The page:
The 2019 summer job market: Teen employment and internships
Teen employment expected to rise in tight labor market
With the end of the school year fast approaching, many teenagers across the country are considering summer employment. While just 35% of teens aged 16-19 participated in the labor market last year, job opportunities could increase around 5% this year, predicts outplacement firm Challenger, Gray & Christmas. The teen participation rate could rise as well, according the company’s annual outlook report.
Last summer saw 1,388,000 jobs gained by teens, 7.8% higher than the 1,288,000 jobs gained by teenagers in the summer of 2017. This was the highest number of teen jobs gained since 2012, when 1,397,000 jobs were added.
“Teens have not participated in the job market at the same rate they did since their peak work years in the 1970s. In fact, teen participation has dropped since the recovery in 2009, when 37.5% of teens were in the labor force,” said Andrew Challenger.
“Employers value work experience, in some cases, more than education. The summer job for teens is incredibly valuable in showing future employers they are able to work in a professional setting,” said Challenger.
While the traditional retail job may be harder to get for many teens, as thousands of brick-and-mortar store closures have occurred over the last few years, the stronger-than-expected March jobs report released by the Bureau of Labor Statistics indicated a 33% increase in opportunities in leisure and hospitality companies. For instance, the BLS report found that food services and drinking establishments added 27,000 jobs in March.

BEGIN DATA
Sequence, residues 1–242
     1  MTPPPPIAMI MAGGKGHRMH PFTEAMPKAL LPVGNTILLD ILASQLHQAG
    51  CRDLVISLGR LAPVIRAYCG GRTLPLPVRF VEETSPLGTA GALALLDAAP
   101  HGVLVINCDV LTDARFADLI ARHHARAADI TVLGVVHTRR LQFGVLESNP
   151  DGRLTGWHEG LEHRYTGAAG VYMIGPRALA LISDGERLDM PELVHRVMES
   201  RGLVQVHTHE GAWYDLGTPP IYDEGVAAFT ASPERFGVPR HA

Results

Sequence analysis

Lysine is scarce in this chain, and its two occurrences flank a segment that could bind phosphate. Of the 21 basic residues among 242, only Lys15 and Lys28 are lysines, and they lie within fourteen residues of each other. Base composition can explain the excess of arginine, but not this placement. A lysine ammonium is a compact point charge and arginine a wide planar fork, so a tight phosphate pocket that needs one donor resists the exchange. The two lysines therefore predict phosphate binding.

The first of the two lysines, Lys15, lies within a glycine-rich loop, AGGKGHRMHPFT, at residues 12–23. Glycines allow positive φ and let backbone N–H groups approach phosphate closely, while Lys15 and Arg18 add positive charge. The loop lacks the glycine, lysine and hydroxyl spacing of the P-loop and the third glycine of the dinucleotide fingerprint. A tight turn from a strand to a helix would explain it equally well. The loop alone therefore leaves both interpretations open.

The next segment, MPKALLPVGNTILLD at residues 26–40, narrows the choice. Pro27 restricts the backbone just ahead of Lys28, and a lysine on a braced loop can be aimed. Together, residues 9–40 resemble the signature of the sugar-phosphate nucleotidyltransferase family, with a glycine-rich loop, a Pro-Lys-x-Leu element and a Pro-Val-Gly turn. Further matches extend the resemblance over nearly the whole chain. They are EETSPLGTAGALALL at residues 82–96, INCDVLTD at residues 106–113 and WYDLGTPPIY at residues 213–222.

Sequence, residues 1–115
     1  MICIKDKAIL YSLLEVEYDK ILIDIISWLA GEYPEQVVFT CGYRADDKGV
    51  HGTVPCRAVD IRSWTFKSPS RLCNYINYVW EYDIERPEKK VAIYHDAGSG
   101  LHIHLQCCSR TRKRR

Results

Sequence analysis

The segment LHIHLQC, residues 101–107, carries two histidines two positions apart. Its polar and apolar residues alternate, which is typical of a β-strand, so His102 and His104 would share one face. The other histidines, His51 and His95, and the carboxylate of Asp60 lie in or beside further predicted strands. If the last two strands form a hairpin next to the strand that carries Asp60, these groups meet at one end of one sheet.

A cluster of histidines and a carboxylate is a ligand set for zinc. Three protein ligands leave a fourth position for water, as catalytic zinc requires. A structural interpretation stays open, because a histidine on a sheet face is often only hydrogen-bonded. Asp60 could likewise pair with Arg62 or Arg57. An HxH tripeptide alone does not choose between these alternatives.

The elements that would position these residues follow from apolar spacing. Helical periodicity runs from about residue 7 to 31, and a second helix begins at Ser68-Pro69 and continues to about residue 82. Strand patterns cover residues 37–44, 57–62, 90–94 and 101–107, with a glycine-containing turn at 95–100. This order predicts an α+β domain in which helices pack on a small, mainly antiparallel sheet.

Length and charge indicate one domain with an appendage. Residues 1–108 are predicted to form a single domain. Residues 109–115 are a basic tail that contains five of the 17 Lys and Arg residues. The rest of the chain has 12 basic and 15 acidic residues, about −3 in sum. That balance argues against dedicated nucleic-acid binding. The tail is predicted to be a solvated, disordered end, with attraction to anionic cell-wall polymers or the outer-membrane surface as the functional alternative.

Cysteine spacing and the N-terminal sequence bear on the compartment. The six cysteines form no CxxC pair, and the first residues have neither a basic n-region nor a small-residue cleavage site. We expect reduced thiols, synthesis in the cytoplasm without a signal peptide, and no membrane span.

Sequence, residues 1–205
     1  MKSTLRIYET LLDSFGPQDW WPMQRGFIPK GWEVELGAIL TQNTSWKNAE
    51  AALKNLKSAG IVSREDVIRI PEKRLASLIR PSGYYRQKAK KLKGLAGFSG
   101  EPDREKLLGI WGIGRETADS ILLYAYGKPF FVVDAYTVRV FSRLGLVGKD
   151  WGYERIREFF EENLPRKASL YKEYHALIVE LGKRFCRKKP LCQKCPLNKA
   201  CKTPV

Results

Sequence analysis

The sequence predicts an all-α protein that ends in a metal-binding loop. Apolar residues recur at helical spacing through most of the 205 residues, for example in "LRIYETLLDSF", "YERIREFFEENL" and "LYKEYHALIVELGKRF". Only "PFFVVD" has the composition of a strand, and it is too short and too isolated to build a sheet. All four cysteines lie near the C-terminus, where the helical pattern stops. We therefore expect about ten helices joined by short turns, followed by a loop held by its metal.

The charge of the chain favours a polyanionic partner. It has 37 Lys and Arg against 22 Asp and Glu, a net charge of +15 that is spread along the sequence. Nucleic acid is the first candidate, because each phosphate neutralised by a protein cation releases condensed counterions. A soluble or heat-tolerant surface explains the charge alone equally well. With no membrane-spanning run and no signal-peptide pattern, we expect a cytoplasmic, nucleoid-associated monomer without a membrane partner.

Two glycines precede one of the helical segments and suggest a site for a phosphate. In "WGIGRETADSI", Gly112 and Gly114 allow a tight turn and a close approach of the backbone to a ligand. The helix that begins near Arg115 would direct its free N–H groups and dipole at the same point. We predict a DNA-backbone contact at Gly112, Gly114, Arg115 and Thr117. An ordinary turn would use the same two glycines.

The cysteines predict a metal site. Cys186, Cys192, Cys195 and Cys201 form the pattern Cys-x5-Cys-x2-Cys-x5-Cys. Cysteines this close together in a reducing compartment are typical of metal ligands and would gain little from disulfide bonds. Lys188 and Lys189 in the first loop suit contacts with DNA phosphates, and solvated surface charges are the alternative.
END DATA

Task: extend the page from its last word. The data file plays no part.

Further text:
Experience is a great teacher, but it’s not pay
If you plan to welcome unpaid interns to your organization this summer, be careful. If they receive any benefits beyond educational credit, some states may consider them to be employees. Thus, they would be covered by state and federal anti-discrimination laws.
It’s important to structure the internship to avoid turning unpaid interns into employees.
Here’s how one organization successfully defended itself against charges its unpaid intern was an employee.
Recent case: Karna was studying for a master’s degree in early childhood education, hoping to become a certified child life specialist. To earn that certification, students must complete a 480-hour approved internship. Karna arranged for an unpaid internship at a hospital in Utah.
However, she was terminated before she completed the required hours. Karna sued, alleging age, disability, sex and religious discrimination under federal law.
The hospital said she wasn’t covered because she was an unpaid intern and not an employee. She countered that she was an employee since the internship would “remunerate” her by providing a path to employment through certification.
The court dismissed Karna’s lawsuit, concluding that benefit was far too speculative to count. Clearly, the internship was structured to provide experience, but that’s all. Plus, the court refused to rule that all unpaid interns are employees under Title VII and other federal employment laws, writing that it was up to Congress to change the law if it wanted to make employees out of unpaid interns. (Sacchi v. IHC Health Services, 10th Cir., 2019)